By resolution 58/4 of 31 October 2003, the UN General Assembly adopted the United Nations Convention against Corruption (UNCAC) and urged all States and competent regional economic integration organizations to sign and ratify the Convention as soon as possible in order to ensure its rapid entry into force. The Convention was open for signature from 9 to 11 December 2003 in Merida, Mexico and thereafter at the United Nations Headquarters in New York until 9 December 2005. Guyana acceded to the Convention in April 2008
International Anti-Corruption Day
In order to raise awareness of corruption and the role of the Convention in combating and preventing it, the General Assembly decided that 9 December should be designated International Anti-Corruption Day. The Fifth Session of the Conference of State Parties to the Convention, held in Panama during the period 25-29 November 2013, emphasized the importance of this day. Accordingly, it launched the new campaign for 2013 under the theme “Zero Corruption – 100% Development”. The focus is on how corruption: (a) hinders efforts to achieve the internationally agreed upon Millennium Development Goals (MDGs); (b) undermines democracy and the rule of law; (c) distorts markets; (d) erodes the quality of life; and (e) allows organized crime and other threats to human security to flourish.
The 2013 Corruption Perceptions Index
Last Tuesday, Transparency International released the results of the 2013 Corruption Perceptions Index (CPI). The CPI is based on experts’ opinions of public sector corruption. It scores and ranks countries based on how corrupt a country’s public sector is perceived to be. It is a composite index, a combination of surveys and assessments of corruption, collected by a variety of reputable institutions, such as the African Development Bank, the World Economic Forum, the World Bank, and the Economist Intelligence Unit. In total, 13 such institutions were involved in the surveys and assessments worldwide.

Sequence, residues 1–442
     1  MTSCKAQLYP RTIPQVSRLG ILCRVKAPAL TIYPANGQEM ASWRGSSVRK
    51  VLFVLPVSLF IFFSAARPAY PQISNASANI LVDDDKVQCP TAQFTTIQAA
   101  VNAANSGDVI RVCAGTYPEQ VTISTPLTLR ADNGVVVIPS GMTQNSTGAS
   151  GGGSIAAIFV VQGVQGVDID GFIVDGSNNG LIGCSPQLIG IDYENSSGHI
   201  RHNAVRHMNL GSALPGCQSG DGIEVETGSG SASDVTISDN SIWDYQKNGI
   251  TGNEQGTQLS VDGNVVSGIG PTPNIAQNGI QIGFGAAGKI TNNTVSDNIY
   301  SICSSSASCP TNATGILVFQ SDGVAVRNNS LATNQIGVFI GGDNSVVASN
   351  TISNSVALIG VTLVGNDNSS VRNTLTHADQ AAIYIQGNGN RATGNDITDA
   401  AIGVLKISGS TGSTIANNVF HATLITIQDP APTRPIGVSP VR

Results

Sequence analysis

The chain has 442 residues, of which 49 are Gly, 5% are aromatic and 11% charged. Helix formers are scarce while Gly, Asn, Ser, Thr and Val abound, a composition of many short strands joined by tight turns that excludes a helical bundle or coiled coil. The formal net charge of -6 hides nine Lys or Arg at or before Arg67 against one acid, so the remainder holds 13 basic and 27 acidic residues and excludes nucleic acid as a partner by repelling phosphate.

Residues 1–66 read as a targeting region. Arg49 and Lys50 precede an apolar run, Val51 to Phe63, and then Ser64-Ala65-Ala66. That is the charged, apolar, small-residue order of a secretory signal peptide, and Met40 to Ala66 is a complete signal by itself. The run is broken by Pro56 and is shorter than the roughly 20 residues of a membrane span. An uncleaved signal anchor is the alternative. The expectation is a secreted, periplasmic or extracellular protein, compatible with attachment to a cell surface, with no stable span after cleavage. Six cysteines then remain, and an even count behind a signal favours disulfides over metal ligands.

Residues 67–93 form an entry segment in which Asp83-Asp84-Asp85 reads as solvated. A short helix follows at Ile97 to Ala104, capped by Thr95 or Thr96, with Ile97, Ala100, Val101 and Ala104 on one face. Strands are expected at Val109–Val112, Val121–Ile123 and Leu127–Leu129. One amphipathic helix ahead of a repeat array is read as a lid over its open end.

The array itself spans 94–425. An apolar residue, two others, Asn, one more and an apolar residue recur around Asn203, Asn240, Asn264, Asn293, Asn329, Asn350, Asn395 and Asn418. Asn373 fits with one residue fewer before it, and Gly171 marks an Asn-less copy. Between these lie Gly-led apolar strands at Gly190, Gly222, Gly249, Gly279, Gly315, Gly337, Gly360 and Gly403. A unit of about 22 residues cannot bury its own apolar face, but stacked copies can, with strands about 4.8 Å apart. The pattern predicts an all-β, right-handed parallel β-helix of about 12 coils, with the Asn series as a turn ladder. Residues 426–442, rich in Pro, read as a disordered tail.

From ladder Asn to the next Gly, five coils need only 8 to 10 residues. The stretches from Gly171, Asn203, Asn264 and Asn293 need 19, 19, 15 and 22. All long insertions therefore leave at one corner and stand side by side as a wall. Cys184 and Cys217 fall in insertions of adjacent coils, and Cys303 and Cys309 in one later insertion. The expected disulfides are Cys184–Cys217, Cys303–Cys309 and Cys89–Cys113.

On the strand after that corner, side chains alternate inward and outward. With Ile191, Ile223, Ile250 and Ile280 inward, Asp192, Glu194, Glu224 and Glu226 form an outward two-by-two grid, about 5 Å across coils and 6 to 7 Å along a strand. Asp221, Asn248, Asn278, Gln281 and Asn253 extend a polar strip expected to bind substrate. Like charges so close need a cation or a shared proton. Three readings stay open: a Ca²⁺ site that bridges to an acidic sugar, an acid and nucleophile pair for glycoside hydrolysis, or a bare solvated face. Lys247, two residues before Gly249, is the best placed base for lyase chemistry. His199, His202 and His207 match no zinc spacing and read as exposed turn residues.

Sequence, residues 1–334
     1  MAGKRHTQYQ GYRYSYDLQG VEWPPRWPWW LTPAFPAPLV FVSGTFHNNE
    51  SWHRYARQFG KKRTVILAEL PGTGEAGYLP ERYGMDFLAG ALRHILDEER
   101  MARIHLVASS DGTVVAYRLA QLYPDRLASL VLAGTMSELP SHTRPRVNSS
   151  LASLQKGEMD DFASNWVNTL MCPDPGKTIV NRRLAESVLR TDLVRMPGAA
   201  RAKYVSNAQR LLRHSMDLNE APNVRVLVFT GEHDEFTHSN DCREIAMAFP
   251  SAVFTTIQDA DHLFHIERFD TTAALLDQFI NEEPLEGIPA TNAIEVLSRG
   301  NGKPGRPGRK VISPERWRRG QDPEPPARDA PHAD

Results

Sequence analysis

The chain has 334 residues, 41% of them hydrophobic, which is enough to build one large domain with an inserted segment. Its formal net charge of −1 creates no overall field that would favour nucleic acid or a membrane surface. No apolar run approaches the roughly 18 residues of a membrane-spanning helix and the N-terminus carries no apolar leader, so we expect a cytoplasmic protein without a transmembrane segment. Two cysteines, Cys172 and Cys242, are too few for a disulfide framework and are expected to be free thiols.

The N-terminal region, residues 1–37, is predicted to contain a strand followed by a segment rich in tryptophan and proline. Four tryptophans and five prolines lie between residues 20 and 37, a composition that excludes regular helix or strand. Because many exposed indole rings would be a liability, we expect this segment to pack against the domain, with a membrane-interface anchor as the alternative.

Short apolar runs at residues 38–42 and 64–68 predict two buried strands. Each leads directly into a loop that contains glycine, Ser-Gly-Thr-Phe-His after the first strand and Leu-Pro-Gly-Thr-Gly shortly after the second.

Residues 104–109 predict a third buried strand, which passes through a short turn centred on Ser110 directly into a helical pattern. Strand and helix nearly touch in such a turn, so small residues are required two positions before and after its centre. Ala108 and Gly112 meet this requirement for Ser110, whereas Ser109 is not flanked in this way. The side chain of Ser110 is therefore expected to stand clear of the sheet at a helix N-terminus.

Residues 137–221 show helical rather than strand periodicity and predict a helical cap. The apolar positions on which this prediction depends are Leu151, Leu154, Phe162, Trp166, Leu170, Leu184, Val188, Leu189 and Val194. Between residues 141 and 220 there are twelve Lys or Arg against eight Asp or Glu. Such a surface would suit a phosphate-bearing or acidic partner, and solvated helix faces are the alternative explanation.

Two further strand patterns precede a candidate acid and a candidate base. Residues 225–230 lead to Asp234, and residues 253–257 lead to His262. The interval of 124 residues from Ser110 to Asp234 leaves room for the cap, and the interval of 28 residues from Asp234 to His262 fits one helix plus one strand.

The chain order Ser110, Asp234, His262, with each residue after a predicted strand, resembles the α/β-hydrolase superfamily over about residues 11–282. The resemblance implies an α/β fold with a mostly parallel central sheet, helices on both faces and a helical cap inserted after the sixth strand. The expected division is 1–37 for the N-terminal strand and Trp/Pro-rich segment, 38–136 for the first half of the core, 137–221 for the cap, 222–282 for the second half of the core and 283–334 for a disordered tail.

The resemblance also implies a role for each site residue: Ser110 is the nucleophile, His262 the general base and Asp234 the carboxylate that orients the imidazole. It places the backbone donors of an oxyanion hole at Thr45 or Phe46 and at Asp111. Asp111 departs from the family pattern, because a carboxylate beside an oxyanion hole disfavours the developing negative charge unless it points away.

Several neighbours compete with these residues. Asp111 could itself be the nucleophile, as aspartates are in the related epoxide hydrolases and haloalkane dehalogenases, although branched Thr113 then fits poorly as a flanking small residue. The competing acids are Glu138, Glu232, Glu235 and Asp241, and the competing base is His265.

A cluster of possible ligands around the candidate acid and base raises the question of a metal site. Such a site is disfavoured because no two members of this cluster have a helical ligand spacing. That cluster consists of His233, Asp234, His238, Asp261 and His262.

Corruption generally comprises illegal activities, which are deliberately hidden and only come to light through scandals, investigations or prosecutions. There is no meaningful way to assess absolute levels of corruption on the basis of hard empirical data. Possible attempts to do so, such as by comparing bribes reported, the number of prosecutions brought, or studying court cases directly linked to corruption, cannot be taken as definitive indicators of corruption levels. Instead, they show how effective prosecutors, the courts, or the media are in investigating and exposing corruption. Capturing perceptions of corruption of those in a position to offer assessments of public sector corruption is the most reliable method of comparing relative corruption levels across countries. The CPI is the most widely used indicator of corruption worldwide that guides investors, lending institutions and other interested parties in their dealings with individual countries.
Most of the countries surveyed consider the CPI as an authoritative pronouncement of what is perhaps the best substitute measure of actual levels of corruption in their countries. They share a deep concern for transparency, good governance and greater accountability; they accept the index in good faith; and they strive to bring about improvements in their rankings and scores in the next round. The first step, however, is the recognition of the existence of corruption and the extent to which it is perceived to have existed. Broad progress in this area will remain elusive if countries that do not score well continue to be in a state of denial and as a result fail to take appropriate measures to bring about improvements.